Visual Studio Tools

  • Comments posted to this topic are about the item Visual Studio Tools

  • I had no idea about the answer, I guessed it and got it right. 🙂

    Off late, there are so many questions on Visual Studio tools in QotD section.

    It would be great if someone could share names of books on this topic for beginners.

    M&M

  • Had to resort to Google on this one since I didn't have a clue.

    Please see Microsoft MSDN for further info.

  • Nice question. And thanks Chris for posting the reference.

    Need an answer? No, you need a question
    My blog at https://sqlkover.com.
    MCSE Business Intelligence - Microsoft Data Platform MVP

  • I'm loving the reference to "Visual Studio Database Davelopment Tools"... that's how I shall think of it henceforth 🙂

    Dave.

  • dave.farmer (3/10/2011)


    I'm loving the reference to "Visual Studio Database Davelopment Tools"... that's how I shall think of it henceforth 🙂

    Dave.

    Ha ha. Whoops, my bad!

  • mohammed moinudheen (3/9/2011)


    I had no idea about the answer, I guessed it and got it right. 🙂

    Off late, there are so many questions on Visual Studio tools in QotD section.

    It would be great if someone could share names of books on this topic for beginners.

    I second this. Until recently, the database tools were not part of our company's MSDN subscription so I never got a chance to use them and have just learnt to live without them. So do you know of any introductory article we could read - along the lines of "Visual Studio 2010 Database Development Tools and What They Can Do For You"? If not, perhaps you might consider writing one yourself? 😉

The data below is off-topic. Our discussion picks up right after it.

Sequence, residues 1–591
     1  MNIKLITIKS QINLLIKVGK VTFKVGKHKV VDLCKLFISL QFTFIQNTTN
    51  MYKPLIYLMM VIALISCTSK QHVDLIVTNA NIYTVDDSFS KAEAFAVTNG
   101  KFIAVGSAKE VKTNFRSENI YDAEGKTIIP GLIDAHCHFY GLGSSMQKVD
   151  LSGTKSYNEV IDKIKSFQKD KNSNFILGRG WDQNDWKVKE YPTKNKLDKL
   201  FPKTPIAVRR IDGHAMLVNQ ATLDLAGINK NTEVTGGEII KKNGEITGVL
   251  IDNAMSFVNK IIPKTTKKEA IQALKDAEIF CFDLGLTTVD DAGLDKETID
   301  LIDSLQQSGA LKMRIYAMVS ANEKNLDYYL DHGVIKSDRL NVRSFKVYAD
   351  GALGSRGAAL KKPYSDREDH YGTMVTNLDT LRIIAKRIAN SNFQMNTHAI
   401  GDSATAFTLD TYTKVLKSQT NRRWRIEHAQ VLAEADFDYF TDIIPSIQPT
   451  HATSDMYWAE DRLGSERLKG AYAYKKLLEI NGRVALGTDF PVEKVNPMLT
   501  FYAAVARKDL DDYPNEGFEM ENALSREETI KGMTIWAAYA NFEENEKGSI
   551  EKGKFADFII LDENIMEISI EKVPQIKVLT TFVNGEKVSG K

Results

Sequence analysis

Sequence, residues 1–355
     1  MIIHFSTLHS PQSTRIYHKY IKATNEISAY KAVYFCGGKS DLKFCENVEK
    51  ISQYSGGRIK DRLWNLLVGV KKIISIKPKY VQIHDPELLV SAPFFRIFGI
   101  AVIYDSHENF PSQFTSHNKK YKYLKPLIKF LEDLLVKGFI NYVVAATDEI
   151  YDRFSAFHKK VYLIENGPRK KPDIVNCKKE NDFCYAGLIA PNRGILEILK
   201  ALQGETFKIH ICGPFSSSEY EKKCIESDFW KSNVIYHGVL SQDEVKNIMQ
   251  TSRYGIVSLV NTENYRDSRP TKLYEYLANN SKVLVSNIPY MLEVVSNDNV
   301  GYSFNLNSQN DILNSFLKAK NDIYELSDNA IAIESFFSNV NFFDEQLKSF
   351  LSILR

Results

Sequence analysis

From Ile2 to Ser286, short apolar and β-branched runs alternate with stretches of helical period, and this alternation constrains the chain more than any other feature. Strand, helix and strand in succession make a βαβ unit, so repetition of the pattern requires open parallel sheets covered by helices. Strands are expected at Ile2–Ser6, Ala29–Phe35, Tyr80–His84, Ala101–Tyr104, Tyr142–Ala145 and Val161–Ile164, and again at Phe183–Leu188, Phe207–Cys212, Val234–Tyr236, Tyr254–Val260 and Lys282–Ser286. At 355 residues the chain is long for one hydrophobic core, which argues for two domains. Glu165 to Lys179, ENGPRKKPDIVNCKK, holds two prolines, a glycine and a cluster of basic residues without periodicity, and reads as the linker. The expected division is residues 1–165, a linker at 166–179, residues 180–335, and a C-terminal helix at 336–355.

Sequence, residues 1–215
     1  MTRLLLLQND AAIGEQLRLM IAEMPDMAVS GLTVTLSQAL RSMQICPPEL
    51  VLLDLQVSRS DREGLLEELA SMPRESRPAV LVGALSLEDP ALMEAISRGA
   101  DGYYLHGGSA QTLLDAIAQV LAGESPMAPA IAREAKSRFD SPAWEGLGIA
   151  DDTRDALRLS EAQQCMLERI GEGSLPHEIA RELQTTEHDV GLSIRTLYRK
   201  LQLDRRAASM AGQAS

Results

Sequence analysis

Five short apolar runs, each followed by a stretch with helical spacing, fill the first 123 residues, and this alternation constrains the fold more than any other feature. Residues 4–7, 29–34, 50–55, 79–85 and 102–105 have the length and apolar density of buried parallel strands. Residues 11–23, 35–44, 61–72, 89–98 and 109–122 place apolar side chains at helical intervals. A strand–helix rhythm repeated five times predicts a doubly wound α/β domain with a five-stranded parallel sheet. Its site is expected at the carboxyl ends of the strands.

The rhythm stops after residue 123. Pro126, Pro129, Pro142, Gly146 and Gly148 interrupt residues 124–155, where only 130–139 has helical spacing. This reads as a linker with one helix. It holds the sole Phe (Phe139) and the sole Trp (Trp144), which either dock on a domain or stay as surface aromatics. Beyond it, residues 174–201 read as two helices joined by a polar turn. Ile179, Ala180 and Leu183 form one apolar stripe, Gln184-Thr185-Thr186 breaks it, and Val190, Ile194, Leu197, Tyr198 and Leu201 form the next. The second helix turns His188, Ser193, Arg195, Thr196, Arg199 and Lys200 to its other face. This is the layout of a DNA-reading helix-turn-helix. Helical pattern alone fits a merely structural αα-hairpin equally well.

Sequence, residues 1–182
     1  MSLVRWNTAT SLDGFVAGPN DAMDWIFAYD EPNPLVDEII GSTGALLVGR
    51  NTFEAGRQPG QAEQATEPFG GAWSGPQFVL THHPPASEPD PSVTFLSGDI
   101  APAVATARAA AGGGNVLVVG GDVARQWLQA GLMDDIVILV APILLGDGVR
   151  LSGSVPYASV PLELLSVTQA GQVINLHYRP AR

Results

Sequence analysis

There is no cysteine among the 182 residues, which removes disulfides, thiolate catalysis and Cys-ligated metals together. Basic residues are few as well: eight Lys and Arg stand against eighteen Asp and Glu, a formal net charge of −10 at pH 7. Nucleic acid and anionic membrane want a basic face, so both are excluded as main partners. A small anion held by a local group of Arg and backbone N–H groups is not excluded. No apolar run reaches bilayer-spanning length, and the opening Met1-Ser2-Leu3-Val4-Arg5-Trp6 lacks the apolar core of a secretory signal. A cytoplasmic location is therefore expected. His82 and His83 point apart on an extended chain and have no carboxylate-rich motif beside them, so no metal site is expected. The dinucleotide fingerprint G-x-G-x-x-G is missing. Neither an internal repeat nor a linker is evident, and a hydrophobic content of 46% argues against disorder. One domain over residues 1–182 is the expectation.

Thanks,

    Duncan

  • Duncan Pryde (3/10/2011)


    mohammed moinudheen (3/9/2011)


    I had no idea about the answer, I guessed it and got it right. 🙂

    Off late, there are so many questions on Visual Studio tools in QotD section.

    It would be great if someone could share names of books on this topic for beginners.

    I second this. Until recently, the database tools were not part of our company's MSDN subscription so I never got a chance to use them and have just learnt to live without them. So do you know of any introductory article we could read - along the lines of "Visual Studio 2010 Database Development Tools and What They Can Do For You"? If not, perhaps you might consider writing one yourself? 😉

    Thanks,

    Duncan

    Duncan,

    I previously posted some links here: http://www.sqlservercentral.com/Forums/Topic1065433-200-2.aspx that may or may not be useful!